Welsh Americans A History of Assimilation in the Coalfields / Ronald L. Lewis.
- Chapel Hill : University of North Carolina Press, 2008.
- Baltimore, Md. : Project MUSE, 2014
1 online resource (408 p.)
- Coal mines and mining -- Social aspects -- United States -- History.
Coal miners -- United States -- History.
Immigrants -- United States -- History.
Welsh Americans -- History.
Welsh Americans -- Social conditions.
Welsh Americans -- Ethnic identity.
Welsh Americans -- Cultural assimilation.
West Virginia -- Ethnic relations.
Pennsylvania -- Ethnic relations.
Middle West -- Ethnic relations.
- Electronic books.
- In 1890, more than 100,000 Welsh-born immigrants resided in the United States. A majority of them were skilled laborers from the coal mines of Wales who had been recruited by American mining companies. Readily accepted by American society, Welsh immigrants experienced a unique process of acculturation. In the first history of this exceptional community, Ronald Lewis explores how Welsh immigrants made a significant contribution to the development of the American coal industry and how their rapid and successful assimilation affected Welsh American culture.Lewis describes how Welsh immigr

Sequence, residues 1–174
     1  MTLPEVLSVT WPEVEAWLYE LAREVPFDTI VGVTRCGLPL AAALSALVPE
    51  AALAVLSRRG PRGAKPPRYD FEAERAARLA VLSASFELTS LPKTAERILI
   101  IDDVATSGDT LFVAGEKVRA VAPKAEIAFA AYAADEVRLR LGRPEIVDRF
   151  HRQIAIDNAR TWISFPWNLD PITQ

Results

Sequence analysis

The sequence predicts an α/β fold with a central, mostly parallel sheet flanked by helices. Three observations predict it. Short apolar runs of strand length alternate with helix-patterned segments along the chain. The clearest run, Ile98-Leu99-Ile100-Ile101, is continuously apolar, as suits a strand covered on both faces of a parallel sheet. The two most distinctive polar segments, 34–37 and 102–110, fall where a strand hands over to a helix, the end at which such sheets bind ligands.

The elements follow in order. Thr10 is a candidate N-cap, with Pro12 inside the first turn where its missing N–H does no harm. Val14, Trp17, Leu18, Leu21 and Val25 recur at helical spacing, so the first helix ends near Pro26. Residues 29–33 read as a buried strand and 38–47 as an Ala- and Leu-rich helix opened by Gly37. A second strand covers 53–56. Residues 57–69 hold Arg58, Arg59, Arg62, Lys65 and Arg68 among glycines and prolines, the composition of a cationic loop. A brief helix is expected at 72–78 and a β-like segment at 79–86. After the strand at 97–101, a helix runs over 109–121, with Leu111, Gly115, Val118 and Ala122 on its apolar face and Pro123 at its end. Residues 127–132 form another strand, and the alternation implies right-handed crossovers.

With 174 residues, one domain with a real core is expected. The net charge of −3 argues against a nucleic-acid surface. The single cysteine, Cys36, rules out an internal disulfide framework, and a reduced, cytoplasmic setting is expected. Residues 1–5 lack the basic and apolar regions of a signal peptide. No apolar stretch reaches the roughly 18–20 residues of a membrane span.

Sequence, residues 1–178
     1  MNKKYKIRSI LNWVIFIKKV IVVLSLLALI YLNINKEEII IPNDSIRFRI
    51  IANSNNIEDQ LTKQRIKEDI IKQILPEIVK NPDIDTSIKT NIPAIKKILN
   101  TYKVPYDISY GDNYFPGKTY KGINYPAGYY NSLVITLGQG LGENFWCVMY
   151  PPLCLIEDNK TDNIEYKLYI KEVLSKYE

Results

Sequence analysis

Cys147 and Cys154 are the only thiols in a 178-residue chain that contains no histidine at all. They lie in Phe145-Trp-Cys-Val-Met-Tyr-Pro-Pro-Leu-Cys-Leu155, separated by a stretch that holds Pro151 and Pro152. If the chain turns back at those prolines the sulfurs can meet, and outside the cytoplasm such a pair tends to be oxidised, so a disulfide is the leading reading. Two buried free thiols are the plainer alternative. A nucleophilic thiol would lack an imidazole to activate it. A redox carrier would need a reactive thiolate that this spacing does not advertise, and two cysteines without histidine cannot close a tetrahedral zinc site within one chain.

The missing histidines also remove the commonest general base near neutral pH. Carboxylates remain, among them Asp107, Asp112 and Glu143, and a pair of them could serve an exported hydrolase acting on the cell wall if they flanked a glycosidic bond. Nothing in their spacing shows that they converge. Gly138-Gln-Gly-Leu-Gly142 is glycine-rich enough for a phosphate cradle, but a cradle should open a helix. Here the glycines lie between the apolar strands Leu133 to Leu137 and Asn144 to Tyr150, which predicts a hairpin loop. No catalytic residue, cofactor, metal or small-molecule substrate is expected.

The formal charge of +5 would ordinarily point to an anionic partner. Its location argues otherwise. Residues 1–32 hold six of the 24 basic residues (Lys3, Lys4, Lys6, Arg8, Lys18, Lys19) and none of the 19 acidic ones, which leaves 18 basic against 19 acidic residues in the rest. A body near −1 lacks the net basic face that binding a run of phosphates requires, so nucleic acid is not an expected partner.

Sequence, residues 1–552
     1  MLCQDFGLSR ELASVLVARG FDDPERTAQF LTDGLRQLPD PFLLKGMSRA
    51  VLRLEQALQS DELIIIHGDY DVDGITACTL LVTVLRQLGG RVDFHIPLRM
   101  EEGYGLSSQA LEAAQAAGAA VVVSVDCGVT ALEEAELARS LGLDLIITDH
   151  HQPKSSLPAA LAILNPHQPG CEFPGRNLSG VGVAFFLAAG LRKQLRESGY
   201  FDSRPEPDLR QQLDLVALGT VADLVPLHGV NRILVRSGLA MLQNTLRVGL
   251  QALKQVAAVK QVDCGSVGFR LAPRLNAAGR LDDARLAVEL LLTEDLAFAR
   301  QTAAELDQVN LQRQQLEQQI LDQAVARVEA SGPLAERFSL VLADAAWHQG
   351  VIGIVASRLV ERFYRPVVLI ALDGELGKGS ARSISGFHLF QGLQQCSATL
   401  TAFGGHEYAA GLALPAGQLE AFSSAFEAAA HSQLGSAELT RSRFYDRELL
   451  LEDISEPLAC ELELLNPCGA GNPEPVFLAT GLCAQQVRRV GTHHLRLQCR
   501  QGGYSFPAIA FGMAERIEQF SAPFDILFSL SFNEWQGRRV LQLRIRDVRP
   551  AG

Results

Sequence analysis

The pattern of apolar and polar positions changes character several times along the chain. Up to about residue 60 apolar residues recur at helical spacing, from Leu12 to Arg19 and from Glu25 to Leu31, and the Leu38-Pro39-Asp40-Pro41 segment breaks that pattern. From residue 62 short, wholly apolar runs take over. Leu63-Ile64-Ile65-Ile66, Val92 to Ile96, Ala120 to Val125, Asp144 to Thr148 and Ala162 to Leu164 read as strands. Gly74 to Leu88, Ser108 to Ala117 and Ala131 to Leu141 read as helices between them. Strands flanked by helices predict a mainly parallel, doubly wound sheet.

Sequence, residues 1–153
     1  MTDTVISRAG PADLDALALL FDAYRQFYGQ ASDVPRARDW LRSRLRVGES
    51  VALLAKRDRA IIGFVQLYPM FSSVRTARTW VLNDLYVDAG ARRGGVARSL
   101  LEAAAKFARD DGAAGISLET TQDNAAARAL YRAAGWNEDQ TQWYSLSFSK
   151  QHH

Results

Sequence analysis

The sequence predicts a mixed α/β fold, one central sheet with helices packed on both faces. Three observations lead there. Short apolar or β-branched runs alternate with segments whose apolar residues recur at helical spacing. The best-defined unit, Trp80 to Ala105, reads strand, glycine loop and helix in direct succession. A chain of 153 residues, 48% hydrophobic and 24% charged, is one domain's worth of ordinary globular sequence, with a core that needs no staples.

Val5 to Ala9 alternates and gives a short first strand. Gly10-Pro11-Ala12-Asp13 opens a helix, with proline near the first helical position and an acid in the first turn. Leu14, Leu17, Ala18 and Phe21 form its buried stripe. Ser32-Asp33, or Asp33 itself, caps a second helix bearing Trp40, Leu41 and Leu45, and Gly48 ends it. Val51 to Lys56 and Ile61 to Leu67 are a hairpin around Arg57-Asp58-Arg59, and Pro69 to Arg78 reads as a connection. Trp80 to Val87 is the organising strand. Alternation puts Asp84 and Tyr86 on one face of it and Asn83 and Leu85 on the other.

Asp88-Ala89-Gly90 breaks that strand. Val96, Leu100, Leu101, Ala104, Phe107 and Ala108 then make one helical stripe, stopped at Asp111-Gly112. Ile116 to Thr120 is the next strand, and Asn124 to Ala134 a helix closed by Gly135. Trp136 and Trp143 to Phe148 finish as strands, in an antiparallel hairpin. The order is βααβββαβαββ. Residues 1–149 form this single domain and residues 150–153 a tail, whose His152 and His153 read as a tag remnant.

- Emigration, immigration
Superintendents, networks, and Welsh settlement patterns
Community, republicanism, and social mobility
Welsh American cultural institutions
Professional inspectors for a disaster-prone industry
Ethnic conflict : the Welsh and Irish in anthracite country
The Slav "invasion" and the Welsh "exodus"
Welsh American union leadership
From Nantymoel to Hollywood : the incredible journey of Mary Thomas
Epilogue: Americanization and Welsh identity.
- Description based upon print version of record.
Includes bibliographical references (p. 359-384) and index.
Description based on print version record.
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